Four people on a video call. An ASL interpreter signs in the lower right corner. Rooted in Rights logo and icons for Open Captions and Audio Description are on the left.

Accessible Video Calls

Accessible meetings are effective meetings. Whether you're catching up with a friend or discussing the latest project at work, accessibility ensures that everyone can fully engage and participate. Funded by the King County Department of Natural Resources and Parks, Wastewater Treatment Division and the Coal Creek Sewer Upgrade Project.
A White person with brown wavy hair looks up towards the sky in a forest. There is a Rooted in Rights icon, a Closed Captioning icon, and an Audio Description icon on the left of the image.

Access Nature

The physical, mental, and emotional benefits of access to nature are widely known, yet communities that need these benefits the most are often excluded from outdoor spaces. What does accessibility in the outdoors actually mean, and how can it be improved for all people with disabilities?
Woman on street corner

Traffic Signals that Work for All Pedestrians!

Seattle City Council is considering a resolution to ask Seattle Department of Transportation to create a traffic signals policy that would prioritize pedestrians. Hear Carol explain why this matters, and how slower crossing speeds help pedestrians of all ages
Video still with Rooted in Rights program director, Anna Zivarts with backwards black cap and Rooted in Rights T-shirt

How to Make Your Video Go Viral. Hint: Be an #a11y

With support from the Ford Foundation, we’ve created a detailed guide for making accessible videos. We hope video makers of all levels and abilities will take the time to check it out!
Several cars blocking the curb ramp at the other end of a crosswalk.

Don’t Block the Box

When drivers block the box, it makes the streets more dangerous for everyone.
A person in a wheelchair holding folders and a pen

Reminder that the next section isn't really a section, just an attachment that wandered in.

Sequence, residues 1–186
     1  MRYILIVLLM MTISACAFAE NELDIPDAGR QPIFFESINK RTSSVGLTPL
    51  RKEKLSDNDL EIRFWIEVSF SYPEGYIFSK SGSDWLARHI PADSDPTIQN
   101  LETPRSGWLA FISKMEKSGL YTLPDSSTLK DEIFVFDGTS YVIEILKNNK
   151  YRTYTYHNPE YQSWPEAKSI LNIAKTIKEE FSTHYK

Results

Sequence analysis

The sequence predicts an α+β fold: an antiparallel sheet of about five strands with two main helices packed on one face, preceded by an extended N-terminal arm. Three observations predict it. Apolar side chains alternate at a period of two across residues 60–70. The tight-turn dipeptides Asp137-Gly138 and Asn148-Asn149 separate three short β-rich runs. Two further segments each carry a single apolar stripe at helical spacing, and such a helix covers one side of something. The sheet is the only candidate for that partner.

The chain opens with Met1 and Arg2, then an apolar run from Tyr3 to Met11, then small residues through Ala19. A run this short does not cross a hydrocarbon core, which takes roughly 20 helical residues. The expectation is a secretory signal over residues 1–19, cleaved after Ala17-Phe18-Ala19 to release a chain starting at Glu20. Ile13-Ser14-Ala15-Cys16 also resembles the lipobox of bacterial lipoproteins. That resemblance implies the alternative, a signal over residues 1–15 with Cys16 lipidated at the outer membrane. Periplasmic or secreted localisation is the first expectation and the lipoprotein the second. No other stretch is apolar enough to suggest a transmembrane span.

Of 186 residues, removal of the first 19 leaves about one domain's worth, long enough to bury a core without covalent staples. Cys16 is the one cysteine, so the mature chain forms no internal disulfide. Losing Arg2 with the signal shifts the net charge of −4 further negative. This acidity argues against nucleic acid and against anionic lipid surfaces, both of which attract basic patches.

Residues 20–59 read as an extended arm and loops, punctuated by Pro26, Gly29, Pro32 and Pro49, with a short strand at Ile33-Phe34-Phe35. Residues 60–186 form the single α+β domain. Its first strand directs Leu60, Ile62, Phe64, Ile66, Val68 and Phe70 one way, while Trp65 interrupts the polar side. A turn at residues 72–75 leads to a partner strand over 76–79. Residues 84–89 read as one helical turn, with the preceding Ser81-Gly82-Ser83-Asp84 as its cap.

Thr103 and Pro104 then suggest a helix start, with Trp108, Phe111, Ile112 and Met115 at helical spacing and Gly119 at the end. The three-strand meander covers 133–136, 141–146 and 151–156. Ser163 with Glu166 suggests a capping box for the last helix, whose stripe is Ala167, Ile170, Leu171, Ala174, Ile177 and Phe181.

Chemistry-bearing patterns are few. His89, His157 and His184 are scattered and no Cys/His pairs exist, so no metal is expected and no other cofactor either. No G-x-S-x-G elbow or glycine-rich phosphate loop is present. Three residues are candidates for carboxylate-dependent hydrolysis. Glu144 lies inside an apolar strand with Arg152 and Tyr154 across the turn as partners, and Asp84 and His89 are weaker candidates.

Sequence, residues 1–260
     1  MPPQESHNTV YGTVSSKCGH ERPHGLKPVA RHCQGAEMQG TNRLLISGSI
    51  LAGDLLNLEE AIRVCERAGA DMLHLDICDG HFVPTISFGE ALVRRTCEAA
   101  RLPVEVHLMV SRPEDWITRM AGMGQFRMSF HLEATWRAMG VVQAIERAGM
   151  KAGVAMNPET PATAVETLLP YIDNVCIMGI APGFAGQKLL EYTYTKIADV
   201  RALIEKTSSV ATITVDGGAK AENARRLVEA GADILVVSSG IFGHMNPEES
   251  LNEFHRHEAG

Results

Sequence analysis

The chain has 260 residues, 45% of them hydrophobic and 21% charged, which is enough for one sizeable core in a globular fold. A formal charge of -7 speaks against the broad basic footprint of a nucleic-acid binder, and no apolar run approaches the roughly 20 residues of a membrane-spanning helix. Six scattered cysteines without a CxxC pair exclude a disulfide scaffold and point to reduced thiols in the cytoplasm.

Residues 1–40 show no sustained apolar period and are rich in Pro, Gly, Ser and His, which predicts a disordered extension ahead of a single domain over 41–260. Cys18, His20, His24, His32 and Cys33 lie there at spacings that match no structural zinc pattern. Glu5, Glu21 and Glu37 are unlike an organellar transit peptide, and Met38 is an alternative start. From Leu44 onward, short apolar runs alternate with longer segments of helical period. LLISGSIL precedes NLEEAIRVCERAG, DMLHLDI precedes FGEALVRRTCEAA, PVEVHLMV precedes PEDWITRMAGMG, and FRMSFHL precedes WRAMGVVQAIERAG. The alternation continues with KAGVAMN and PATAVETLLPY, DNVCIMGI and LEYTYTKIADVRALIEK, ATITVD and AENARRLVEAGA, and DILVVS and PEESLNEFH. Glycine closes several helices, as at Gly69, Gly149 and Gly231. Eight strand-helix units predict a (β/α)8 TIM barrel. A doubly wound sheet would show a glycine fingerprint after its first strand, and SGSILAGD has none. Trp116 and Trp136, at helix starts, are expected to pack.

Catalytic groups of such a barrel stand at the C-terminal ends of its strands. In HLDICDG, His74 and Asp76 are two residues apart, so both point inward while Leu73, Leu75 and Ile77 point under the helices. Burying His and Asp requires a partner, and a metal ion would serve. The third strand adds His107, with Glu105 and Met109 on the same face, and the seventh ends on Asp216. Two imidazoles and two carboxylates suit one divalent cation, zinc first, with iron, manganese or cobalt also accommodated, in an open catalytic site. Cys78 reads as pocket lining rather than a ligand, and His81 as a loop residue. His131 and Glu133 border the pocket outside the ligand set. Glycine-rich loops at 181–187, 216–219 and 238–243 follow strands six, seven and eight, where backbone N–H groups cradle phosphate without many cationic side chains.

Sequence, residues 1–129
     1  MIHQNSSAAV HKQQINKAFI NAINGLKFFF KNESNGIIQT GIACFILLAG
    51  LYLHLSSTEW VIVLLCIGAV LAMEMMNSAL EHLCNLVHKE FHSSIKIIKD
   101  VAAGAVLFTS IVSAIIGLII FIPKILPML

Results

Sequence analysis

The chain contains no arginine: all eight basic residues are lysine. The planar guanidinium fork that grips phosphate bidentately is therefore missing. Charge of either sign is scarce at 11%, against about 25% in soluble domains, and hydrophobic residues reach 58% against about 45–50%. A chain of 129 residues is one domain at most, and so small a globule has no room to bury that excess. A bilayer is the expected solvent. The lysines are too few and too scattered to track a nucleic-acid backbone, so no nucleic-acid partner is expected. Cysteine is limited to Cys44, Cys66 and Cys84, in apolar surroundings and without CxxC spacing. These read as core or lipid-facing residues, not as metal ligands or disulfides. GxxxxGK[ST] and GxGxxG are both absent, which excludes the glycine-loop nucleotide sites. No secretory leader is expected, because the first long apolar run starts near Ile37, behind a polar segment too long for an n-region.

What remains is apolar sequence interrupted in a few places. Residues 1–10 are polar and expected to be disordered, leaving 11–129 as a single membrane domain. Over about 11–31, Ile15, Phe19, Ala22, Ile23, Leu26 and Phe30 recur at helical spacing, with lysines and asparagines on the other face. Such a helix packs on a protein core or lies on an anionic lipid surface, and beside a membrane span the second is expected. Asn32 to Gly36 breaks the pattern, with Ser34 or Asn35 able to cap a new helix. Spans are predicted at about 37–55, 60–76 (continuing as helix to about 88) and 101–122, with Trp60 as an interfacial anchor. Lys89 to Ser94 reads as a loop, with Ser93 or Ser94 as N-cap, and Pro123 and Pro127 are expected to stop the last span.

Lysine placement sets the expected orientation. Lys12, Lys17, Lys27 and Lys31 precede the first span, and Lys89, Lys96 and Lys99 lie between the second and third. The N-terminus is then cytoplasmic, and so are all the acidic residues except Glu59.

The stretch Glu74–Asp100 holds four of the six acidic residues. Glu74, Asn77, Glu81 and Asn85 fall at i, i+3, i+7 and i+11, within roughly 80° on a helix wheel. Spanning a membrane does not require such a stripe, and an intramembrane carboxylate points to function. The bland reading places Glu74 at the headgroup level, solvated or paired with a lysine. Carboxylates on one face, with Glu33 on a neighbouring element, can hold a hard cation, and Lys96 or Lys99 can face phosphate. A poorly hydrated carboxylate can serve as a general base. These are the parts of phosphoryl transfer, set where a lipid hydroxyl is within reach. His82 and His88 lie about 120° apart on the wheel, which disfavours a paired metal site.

Identifying as “Disabled” Brings Me Peace in a World Hostile to My Existence

Before I entered college, I never thought about disability. Or at least, I never thought about it with that exact word. Mental illness. Mentally ill. Disorder. Burden. These were all words I used to describe myself before “disabled” and “disability”
A person in a manual wheelchair holds a red laptop in their lap.

Here’s How You Can Show Solidarity to Disabled Classmates

Back-to-school season can be a stressful time for members of the disability community, especially those who are entering new schools and new phases of their educations. Inaccessibility is a constant problem on campuses, and that doesn’t just include physical access…
A silhouette of a person holding his fingers to his lips to shush a silhouette of a person looking up at them.

We Cannot Ignore the Connection Between Disability and Intimate Partner Abuse

This blog post is part of a series in partnership with the Disability Visibility Project® to bring attention to the omission of disability from larger conversations taking place within the #MeToo Movement. Trigger warning: this post discusses abuse, violence, and…

VIDEO: The Right to Your Graduation

It’s the New Year, and that means we are just about six months away from graduation. Graduation is an exciting time to celebrate all of our accomplishments, but what if you can’t attend your own graduation because you have a…